About Health Insurance
Insurance terminology is confusing. Can you define some key terms for me?
Co-insurance This is a provision in which the insurer and the employee share in a specified ratio in a claim. For example, with 80% co-insurance the insurer would pay 80% of the total claim and the employee would pay 20%.
Co-payment This is like co-insurance, but usually refers to a flat dollar amount and is usually the employee's portion. For example, a plan with a $15 co-pay on office visits requires the employee to pay the first $15 on any office visit and the insurer to pay the rest. Different co-pay amounts may apply to emergency room treatment, prescription drugs, etc.
Deductible This is usually a flat dollar amount that each insured person must pay per calendar year towards the total medical expenses incurred before the insurer starts payment.
Maximum out-of-pocket This is the maximum amount of money that an individual or a family would pay in deductibles and co-insurance for all health care expenses in a calendar year. It puts a cap on the employee's share of the expenses incurred.
Pre-existing condition Any health condition of a person to be insured that existed prior to the effective date of a new plan is considered a pre-existing condition. For example, if an employee has diabetes today and is changing to a new health plan later, the diabetes would be a preexisting condition.
Can a pre-existing condition be excluded from my health coverage?
Any individual enrolling in a new health plan covered by California law may be subject to up to a six month waiting period before expenses related to the pre-existing condition are covered. However, the plan must subtract from the waiting period the time that the person had continuous coverage in a previous plan. Continuous coverage means that the person had less than a sixty three day gap between coverages. The insurer shall count a period of creditable coverage for all benefits or may elect to credit coverage based on Categories of Benefits specified in the policy or certificate.
Must my health insurance plan pay for my diabetic supplies and self-management education?
You are entitled to payment of all diabetic supplies and education under California law, provided that your plan is subject to California Insurance Department jurisdiction. Your plan may not be subject to this Department's jurisdiction if it is a self-insured plan or a union welfare fund. Employer group plans covering employees in more than one state and is subject to collective bargaining do not have to provide this coverage. Medicare Supplement policies do not provide this coverage.
What are my options if I wish to file a complaint against a self-insured plan, union plan, or Multiple Employer Welfare Association (MEWA)?
The above entities are exempt from state regulation under ERISA. They are however regulated by the United States Department of Labor. You may make complaints to the US Department of Labor.
U. S. Department of Labor_200 Constitution Ave., N. W._Washington, D. C. 20210_(202) 219-8233
What is "open enrollment"?
Open enrollment means that any employee, and dependents of such employee, within a small group, applying for small group health insurance coverage must be accepted at all times throughout the year for any hospital and/or medical coverage offered by the insurer to qualifying small groups in this state. Once accepted for coverage, an individual or small group cannot be terminated by the insurer due to claims experience.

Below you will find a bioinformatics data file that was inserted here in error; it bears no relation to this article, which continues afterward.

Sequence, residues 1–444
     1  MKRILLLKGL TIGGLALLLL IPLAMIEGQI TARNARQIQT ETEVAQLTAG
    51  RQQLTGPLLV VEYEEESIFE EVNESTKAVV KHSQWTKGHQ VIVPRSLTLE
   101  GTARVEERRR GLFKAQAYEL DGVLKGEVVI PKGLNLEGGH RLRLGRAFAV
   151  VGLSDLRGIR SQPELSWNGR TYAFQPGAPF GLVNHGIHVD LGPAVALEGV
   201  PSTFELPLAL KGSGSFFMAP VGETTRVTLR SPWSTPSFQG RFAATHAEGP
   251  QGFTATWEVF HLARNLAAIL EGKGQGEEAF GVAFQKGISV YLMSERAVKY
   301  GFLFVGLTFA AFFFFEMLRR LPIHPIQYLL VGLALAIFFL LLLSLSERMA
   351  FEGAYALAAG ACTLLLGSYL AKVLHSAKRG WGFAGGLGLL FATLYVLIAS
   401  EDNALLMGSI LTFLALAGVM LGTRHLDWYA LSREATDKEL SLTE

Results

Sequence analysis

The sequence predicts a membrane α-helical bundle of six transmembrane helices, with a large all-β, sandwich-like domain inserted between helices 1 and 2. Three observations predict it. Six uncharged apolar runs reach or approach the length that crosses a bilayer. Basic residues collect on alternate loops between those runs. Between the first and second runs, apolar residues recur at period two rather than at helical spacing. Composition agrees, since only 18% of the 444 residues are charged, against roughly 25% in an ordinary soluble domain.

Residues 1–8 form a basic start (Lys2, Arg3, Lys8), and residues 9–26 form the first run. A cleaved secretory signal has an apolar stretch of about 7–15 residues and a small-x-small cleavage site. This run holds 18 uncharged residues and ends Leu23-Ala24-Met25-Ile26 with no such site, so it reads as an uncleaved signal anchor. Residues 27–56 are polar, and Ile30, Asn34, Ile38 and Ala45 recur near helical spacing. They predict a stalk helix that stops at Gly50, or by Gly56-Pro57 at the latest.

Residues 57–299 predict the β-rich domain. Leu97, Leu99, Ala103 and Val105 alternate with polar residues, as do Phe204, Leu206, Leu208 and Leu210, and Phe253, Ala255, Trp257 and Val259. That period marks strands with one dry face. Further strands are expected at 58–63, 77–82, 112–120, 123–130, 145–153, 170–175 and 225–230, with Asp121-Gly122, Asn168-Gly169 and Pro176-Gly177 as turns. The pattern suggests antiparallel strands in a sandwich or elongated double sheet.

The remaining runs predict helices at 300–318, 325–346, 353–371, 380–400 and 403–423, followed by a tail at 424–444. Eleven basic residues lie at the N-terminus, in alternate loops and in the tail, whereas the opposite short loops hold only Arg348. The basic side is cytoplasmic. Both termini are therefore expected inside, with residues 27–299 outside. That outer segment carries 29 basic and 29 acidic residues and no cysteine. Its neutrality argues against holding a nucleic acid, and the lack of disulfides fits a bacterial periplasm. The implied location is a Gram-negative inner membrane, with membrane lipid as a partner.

In other words, an insurance company in California cannot refuse to insure an employee or small group on the basis of health, occupation, age, sex, etc. However, an applicant for an individual health insurance policy may be denied coverage.
Can HMOs prohibit doctors from telling their patients about more expensive procedures?
No. California law prohibits the HMO from restraining their providers from telling patients about more costly procedures.
My insurance company refuses to pay my hospital emergency room bill saying that it was not an emergency. Can they do this?
The company must cover any hospital ER bill provided that a prudent lay-person would have considered the incident to be an emergency at the time of the ER admittance.
How can I dispute my HMO's decision as to the necessity of my treatment?
Callifornia law requires the HMO to provide grievance procedures so that such decisions can be challenged.
What additional health insurance will I need when I turn 65 and go under Medicare?
Medicare (parts A & B) provides extensive medical benefits. There are however, gaps in coverage. To help cover these gaps in coverage, there are standardized Medigap plans throughout the country. The plans go from Plan A (least coverage for lowest cost) to Plan J (most coverage for highest cost). Not all health insurers sell all 10 plans. In addition, enrollment in a Medicare HMO can help cover the gaps in Medicare.
What information do I need to collect to get a quote?
Insurance companies will need a census of your employees that includes the number of employees, their birthdates, their genders, birthdates of dependents to be covered, and the number of children to be insured. In addition, they will need your companys inception date and the start date of coverage.
Half of my employees are insured elsewhere. What should I do?
This is a challenge for small business owners. If one of your employees has a spouse who has family coverage where he or she works, your employee may be covered on that policy, and not interested in group health insurance.
If you want to offer a group plan, be aware that your insurer may require you to cover all of your employees.